Choshi Electric Railway 1000 series

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Choshi Electric Railway 1000 series
Choshi Dentetsu 1002.jpg
DeHa 1002 in service in January 2012
In service August 1994 – February 2016
Manufacturer Hitachi, Teikoku Sharyo
Replaced 100/500 series
Constructed 1959–1960
Refurbishment 1994
Number built 2 vehicles
Number in service None
Number preserved 1 vehicle
Formation Single car
Fleet numbers DeHa 1001/1002
Capacity 98 (34 seated)
Operator(s) Choshi Electric Railway
Depot(s) Nakanochō
Car body construction Steel
Car length 16,000 mm (52 ft 6 in)
Width 2,700 mm (8 ft 10 in)
Height 4,100 mm (13 ft 5 in)
Doors 3 pairs per side
Weight 30.5 t
Traction system MB-3054-AE4 (75 kW x4)
Power output 300 kW
Electric system(s) 600 V DC overhead wire
Current collection method PT44A pantograph (x1)
Bogies Sumitomo FS-316
Track gauge 1,067 mm (3 ft 6 in)

The Choshi Electric Railway 1000 series (銚子電鉄1000形 Chōshi Dentetsu 1000-gata?) is an electric multiple unit (EMU) train type formerly operated by the private railway operator Choshi Electric Railway in Chiba Prefecture, Japan, from 1994 until 2016. The type originally consisted of two single cars, DeHa 1001 and DeHa 1002, converted from former TRTA (now Tokyo Metro) subway 2000 series EMU cars, originally built in 1959 and 1960, and introduced from 29 August 1994 to replace the ageing 100 and 500 series EMU cars.[1][2] Car 1002 was withdrawn in February 2015, and car 1001 was withdrawn in February 2016.

Build details[edit]

DeHa 1001 was built in November 1960 by Teikoku Sharyo as car 2046 for the TRTA Ginza Line subway (present-day Tokyo Metro Ginza Line) in Tokyo. DeHa 1002 was built in November 1959 by Hitachi as car 2040 for the Honancho Branch of the TRTA Marunouchi Line subway (present-day Tokyo Metro Marunouchi Line) in Tokyo.[3]

No. Former No. Manufacturer Build date
DeHa 1001 2046 Teikoku Sharyo November 1960
DeHa 1002 2040 Hitachi November 1959

Conversion work for use on the Choshi Electric Railway involved the addition of second driving cabs (reclaimed from TRTA 2033 for 2046, and from 2039 for 2040) by the Keio Group train maintenance and refurbishment company Keio Juuki Seibi (京王重機整備?). The original 1,435 mm (4 ft 8 12 in) standard gauge bogies were replaced with narrow-gauge (1,067 mm (3 ft 6 in)) Sumitomo FS-316 bogies from withdrawn Fuji Kyuko 5700 series EMU cars 5726 and 5725 (former Odakyu 2200 series 2227 and 2228). Pantographs from former TRTA 3000 series Hibiya Line EMUs were added to the former third-rail current collection cars, and the traction motors were also reclaimed from former 3000 series cars.[3]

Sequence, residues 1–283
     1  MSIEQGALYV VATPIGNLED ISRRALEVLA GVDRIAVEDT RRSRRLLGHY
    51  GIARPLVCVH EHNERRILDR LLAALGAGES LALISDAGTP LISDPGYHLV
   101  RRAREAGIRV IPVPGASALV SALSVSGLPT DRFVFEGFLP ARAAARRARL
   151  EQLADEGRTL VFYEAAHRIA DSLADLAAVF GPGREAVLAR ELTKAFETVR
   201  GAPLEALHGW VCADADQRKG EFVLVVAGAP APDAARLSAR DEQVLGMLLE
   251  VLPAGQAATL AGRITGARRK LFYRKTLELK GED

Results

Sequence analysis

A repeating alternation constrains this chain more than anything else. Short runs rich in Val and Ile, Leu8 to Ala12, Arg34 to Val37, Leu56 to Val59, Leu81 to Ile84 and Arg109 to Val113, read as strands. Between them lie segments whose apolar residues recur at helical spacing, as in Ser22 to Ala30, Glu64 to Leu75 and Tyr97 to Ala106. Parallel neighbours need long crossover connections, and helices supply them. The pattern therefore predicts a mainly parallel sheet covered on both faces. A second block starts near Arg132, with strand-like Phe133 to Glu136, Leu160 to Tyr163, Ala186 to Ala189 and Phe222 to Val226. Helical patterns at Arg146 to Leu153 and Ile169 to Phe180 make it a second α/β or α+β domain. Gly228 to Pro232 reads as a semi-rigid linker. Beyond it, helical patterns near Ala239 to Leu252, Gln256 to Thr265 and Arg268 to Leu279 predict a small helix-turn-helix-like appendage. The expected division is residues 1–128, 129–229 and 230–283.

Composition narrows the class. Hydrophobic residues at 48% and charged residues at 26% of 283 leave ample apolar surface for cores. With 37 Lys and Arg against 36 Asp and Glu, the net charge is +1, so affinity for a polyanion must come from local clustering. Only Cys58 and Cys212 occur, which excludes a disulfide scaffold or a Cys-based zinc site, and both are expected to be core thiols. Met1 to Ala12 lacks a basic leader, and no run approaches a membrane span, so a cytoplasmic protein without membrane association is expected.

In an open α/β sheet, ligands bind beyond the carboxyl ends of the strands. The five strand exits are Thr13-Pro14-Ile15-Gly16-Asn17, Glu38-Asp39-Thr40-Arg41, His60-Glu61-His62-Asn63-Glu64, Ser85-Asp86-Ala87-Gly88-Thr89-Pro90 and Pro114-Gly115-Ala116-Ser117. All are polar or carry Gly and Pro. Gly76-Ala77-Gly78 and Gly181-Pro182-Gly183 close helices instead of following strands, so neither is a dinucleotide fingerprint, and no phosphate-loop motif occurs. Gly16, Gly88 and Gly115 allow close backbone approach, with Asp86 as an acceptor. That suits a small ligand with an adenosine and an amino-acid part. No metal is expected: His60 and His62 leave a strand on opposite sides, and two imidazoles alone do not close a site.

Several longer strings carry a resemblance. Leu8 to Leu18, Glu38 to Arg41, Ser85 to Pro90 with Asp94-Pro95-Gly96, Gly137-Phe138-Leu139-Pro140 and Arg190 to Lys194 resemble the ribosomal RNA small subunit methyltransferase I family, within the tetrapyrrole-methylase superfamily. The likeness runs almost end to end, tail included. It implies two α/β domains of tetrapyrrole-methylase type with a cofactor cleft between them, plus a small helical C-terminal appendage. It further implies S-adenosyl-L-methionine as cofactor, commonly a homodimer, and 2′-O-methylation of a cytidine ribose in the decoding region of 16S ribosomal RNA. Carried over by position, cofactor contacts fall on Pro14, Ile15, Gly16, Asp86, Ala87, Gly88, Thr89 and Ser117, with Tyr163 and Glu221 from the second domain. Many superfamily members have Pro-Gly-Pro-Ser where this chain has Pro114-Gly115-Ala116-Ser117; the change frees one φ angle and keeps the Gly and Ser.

External livery[edit]

Both cars were initially painted in the "new" Choshi Electric Railway livery of dark brown and red.

DeHa 1001[edit]

On 26 April 2007, DeHa 1001 was returned to service repainted into a sky blue promotional livery sponsored by game manufacturer Hudson Soft in connection with the 20th anniversary of the Momotaro Dentetsu game series in 2008.[4][5] DeHa 1001 made its last run in "Momotaro Dentetsu" livery on 15 May 2012 before undergoing overhaul and repainting.[5] On 11 August 2012, this unit was publicly unveiled in its all-over yellow livery formerly carried when it operated on the TRTA Ginza Line.[6] It was returned to revenue service in this livery on 16 August.[6] From January 2013, the original TRTA numbering (2046) was added to the Choshi-end of the car.[7] In February 2016, car 1001 received a red roof, more closely resembling the livery carried by the Ginza Line TRTA 2000 series trains.[8] The car was finally withdrawn following its last day in service on 28 February 2016.[9] In March 2016, it was transported by road to the Showa no Mori Museum in Matsudo, Chiba.[9]

DeHa 1002[edit]

DeHa 1002 was repainted into a new orange and blue livery in 2007 designed by Tetsuko no Tabi writer Naoe Kikuchi, intended to evoke an image of the sun rising across the sea.[1] In 2011, DeHa 1002 was repainted into a new livery based on the former TRTA Marunouchi Line colour scheme of red with a white bodyside stripe. The train was returned to revenue service in this livery on 26 November 2011, one day earlier than originally scheduled.[10] From January 2013, the original TRTA numbering (2040) was added to the Choshi-end of the car.[7] Unit 1002 was withdrawn from service following its final run on 10 February 2015.[11]